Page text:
Managing variation in hospital patient flows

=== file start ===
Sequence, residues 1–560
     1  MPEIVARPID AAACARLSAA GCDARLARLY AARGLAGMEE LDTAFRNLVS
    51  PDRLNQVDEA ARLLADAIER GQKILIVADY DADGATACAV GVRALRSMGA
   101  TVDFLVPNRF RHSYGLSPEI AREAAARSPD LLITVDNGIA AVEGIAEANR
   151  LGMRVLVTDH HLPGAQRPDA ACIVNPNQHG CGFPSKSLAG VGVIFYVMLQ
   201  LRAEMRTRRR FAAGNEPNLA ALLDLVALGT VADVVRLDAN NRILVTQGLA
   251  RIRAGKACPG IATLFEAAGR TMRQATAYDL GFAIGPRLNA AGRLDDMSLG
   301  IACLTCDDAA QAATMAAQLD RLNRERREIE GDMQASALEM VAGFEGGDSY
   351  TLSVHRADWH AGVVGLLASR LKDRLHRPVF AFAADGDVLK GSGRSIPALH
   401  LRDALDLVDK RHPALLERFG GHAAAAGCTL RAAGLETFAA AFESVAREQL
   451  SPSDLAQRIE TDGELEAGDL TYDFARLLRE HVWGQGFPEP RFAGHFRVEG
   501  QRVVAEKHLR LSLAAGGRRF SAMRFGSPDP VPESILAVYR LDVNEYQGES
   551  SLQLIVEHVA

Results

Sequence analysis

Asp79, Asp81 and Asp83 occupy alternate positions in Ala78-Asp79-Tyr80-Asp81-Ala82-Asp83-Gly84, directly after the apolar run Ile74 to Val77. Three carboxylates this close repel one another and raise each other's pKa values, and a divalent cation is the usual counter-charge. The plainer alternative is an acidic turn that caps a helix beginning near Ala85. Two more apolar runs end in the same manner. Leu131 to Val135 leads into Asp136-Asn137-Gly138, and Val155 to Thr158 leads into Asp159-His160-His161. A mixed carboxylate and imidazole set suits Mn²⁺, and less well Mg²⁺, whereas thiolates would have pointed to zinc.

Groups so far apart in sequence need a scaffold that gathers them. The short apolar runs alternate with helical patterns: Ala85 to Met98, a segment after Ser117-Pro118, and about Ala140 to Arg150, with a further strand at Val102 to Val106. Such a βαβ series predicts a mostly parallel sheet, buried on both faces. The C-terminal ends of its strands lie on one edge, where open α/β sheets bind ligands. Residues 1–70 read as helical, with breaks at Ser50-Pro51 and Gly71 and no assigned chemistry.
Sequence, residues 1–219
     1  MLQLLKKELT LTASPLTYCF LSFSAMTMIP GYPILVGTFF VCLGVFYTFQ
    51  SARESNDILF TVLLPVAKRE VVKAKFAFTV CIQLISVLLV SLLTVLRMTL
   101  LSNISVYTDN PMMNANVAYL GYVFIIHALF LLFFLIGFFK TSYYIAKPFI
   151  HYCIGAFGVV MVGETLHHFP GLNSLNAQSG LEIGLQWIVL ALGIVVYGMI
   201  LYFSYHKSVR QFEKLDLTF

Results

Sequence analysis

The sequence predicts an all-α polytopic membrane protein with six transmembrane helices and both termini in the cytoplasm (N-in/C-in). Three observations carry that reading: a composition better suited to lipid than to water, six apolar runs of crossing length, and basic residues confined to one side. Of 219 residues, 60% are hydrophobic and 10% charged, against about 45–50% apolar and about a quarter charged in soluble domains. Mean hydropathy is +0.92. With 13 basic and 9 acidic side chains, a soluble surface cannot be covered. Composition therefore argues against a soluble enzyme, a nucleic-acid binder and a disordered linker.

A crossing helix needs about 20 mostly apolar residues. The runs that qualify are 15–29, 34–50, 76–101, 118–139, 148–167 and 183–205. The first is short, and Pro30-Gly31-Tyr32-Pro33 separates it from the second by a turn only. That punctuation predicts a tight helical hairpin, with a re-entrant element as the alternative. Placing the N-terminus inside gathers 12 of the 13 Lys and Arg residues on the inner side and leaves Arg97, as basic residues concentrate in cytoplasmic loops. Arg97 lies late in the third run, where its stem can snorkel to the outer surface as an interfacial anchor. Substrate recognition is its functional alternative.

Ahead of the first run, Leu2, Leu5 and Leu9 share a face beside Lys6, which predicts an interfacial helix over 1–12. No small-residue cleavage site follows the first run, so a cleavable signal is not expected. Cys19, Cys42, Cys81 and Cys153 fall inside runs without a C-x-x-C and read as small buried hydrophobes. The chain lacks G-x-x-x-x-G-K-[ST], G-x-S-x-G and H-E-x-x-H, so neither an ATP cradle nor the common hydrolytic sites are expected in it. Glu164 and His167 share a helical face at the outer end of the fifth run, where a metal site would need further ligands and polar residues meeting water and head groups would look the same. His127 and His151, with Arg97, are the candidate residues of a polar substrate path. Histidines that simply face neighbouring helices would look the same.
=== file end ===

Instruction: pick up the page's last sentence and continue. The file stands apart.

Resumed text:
Abstract: Performing healthcare services is a complex practice. With the continuous developments in the medical field, healthcare organisations and professionals have become increasingly specialised, and healthcare services increasingly fragmented. When focusing on how to treat and cure diseases, the organisational and managerial aspects of care delivery can be overlooked. This increases the risk of sub-optimisation, when focusing on single activities, patient flows or healthcare units without considering the impact on the organisation as a whole. With every individual patient also having different combinations of diseases, severity levels and responses to medical interventions, much variation is introduced into patient flows. To address these challenges, the purpose of this thesis is: To explore the impact and management of variation in patient flows within hospitals. This thesis reports the results from three different studies, performed at three different hospitals. The first study analyses the impact of changes in patient inflow, available resources, treatment times and duration of activities on bed occupancy and length of stay. It does so by developing a simulation model of an emergency department (ED) and inpatient ward. The results show that the impact of variation in acute patient flows is smaller for the ED than the inpatient ward, which indicates that EDs might be more adaptable than inpatient wards in handling variation in acute patient flows. Bed occupancy on inpatient wards also seems to be strongly influenced by variation in patient flows. The second study is based on a single case study of the management of variation in acute patient flows at a university hospital. In accordance with the results of the first study, this second study shows that many actions are used to handle high bed occupancy, while few are used to handle ED overcrowding. More actions are also used to improve the situation in clinical departments than in the hospital as a whole, increasing the risk of sub-optimisation. The study highlights the need for top management to support department chiefs in managing variation in patient flows, e.g. by establishing a hospital-wide strategy for handling variation in acute patient flows. In the third study, the combined results from a case study and a quantitative before/after study are used to analyse whether the implementation of standardised cancer care pathways leads to crowding out effects, in terms of longer waiting times for other elective patient groups. The study shows that care pathway implementation is likely to lead to crowding out effects, if these effects are not addressed in the implementation process. Hence, a strategy to handle variation in one patient flow influences the options for handling variation in other patient flows and at the healthcare units as a whole. Crowding out effects were evaluated as most likely for patients from the patient group that is overtaken by the care pathway patients, and least likely for patients from the patient group with the lowest priority, due to a redistribution of waiting times between different patient groups.  All in all, the research reported in this thesis demonstrates the need to take a systems perspective when managing variation in patient flows in order to avoid sub-optimisation, which otherwise often follows when focusing on just one part of a system.

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